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Day in the life of ...

Sue Manns

Sue is President of the Royal Town Planning Institute 2020 and a Fellow of the Institute. She has 40 years’ experience of working in planning, with roles that span the public, private and voluntary sectors, at national, regional and local levels. She also worked in academia as a senior lecturer in planning law and practice. Sue has wide experience of partnership working, has contributed to a range of influential reports and studies, given evidence to public inquiry/ public examination/ scrutiny and Select Committee on a range of planning and community engagement related issues and has been a member of a number of government Steering Groups. The golden thread that runs throughout Sue’s career is her passion for equality, diversity, inclusivity – both within the profession and through best practice community engagement. In 2018 Sue established her own independent consultancy specialising in planning and community engagement advice and is also a visiting lecturer at Birmingham University.  

What does your typical working day look like? A typical day would see me working 7 days a week juggling the provision of specialist advice to a range of clients, running training and consultation events, alongside my role as RTPI President for 2020. However, life is now far from normal, so what I describe below is life under COVID 19 restrictions. My day starts…

07.00 Coffee and breakfast whilst catching up on the news, Linked In and Twitter messages During work ...

08.00 – 18.00 Working from home means staying in touch with clients and the RTPI via phone, email and web-based meetings. These alternatives are working surprisingly well and are enabling business to continue much as normal. After work ...

An earlier finish than pre COVID 19, but it is important to shut down the computer and close the ‘home office’. On an evening ...

Time for some exercise - a quick local walk or run - before catching up with friends and family via Skype and What’s App. Also a great time to connect with RTPI members via Linked In (please connect with me if you haven’t already done so).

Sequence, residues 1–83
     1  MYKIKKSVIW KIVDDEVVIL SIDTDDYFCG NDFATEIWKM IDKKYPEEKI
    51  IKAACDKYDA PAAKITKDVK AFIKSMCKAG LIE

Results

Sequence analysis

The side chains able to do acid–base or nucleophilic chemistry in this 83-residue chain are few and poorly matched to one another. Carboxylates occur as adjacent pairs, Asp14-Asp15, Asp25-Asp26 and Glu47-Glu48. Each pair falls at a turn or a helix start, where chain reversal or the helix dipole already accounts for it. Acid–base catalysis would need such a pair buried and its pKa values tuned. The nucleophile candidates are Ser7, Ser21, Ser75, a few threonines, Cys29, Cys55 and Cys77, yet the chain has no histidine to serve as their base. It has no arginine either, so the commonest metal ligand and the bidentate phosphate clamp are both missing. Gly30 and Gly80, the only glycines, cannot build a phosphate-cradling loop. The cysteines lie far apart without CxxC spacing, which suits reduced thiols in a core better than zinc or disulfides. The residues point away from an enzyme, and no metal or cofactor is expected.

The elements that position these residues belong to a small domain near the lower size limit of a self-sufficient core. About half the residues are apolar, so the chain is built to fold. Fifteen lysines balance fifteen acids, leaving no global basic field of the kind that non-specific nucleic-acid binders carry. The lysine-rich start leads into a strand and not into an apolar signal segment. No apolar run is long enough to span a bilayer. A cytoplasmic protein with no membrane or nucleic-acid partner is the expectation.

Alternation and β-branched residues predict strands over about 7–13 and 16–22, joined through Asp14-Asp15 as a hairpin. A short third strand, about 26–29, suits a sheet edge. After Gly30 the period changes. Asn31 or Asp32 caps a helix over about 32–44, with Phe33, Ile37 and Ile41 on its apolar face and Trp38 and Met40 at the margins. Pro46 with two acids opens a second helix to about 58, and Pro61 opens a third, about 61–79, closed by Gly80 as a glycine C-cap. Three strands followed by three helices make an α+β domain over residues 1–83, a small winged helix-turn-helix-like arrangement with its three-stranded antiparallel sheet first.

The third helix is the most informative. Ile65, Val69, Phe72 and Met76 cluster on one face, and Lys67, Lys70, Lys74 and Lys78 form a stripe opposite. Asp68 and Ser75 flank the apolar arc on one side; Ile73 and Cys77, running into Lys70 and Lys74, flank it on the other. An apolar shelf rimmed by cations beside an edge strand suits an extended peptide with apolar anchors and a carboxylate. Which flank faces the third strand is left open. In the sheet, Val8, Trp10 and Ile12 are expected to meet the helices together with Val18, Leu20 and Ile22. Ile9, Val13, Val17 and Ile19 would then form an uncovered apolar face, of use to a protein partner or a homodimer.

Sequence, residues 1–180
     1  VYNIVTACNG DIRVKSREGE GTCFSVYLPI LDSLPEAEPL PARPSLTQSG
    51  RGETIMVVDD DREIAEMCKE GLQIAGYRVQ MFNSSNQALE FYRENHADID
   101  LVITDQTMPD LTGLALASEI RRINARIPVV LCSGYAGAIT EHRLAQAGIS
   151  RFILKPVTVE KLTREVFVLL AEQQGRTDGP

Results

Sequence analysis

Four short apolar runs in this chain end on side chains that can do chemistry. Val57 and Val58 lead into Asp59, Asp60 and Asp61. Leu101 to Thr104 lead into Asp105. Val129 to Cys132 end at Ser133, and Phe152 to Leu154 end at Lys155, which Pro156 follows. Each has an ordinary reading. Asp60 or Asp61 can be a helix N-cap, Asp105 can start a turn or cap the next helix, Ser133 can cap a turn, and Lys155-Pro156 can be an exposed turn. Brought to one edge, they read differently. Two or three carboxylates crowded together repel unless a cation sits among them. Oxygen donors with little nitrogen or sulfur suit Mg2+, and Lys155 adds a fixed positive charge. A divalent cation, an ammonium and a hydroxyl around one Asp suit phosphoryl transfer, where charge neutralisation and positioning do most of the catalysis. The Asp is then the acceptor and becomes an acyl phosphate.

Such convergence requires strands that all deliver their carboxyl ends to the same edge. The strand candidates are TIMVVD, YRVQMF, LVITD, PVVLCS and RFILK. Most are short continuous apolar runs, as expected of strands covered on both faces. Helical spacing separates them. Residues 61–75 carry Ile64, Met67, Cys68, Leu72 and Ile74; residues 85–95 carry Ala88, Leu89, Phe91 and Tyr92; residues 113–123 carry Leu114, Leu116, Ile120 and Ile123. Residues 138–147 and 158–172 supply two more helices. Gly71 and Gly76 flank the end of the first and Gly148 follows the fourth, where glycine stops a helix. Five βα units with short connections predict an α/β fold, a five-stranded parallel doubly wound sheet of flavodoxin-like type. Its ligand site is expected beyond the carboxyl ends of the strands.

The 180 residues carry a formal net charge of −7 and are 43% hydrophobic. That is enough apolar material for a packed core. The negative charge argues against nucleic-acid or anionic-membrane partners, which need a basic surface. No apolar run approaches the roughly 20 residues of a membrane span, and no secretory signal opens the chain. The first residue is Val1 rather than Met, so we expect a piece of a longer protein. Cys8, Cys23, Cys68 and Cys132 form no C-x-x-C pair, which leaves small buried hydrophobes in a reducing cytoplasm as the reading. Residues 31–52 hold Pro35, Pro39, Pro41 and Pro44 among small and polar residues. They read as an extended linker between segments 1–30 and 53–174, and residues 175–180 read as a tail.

How do you unwind on an evening or weekend? During the week my evenings are quite short and normal weekends would see me out on our fabulous hills, moorland and mountains. For the next few weeks however, my focus will be on taking a short daily walk / run and sorting out the garden (now that really is a project!). What is your favourite/most rewarding project you have worked on? No doubt – it is being RTPI President for 2020. The first few weeks were an amazing experience and whilst all visits have been suspended until 31 August, I am already looking at alternative ways to make a difference. What are the best and worst bits about your job? The best bits are undoubtedly seeing diverse talent coming through and making a real difference.   The worst bits – the fact that as a profession we still do not reflect the diversity of society that we plan for and that when we undertake community engagement the respondent profile rarely reflects the diversity of the local area. We need to do better on both counts. Who has had the biggest influence on your career and why? This is a challenging question, as so many people have had a positive influence on my life and in so many different ways. However, I would like to share the names of two planners who made a huge impact on me. Sadly, both have recently passed away, both were Fellows of the RTPI and both were awarded OBEs; they are Graham Shaylor and Corinne Swain. Corinne Swain was simply inspiring in the way she worked, her professionalism, intellect, warmth and her support for others, especially women.  I first met Corinne when she was examining the West Midlands RSS and got to know her better during my time at Arup. Our friendship continued as I moved on to other roles. She was the perfect mentor, role model and key to my decision to stand for RTPI President.

Graham Shaylor was Chief Planning Officer at Birmingham City Council where I started my career. He knew how to get the best from his teams, to build knowledge, skills and confidence.  His love of planning shone through, along with his recognition of what it could achieve in addressing the social and economic challenges of the time. He encouraged me to believe in myself and to take on new challenges. What is the best bit of advice you have received in your career? Believe in yourself, trust yourself and never do less than your best. What is your favourite place? Anywhere with mountains.

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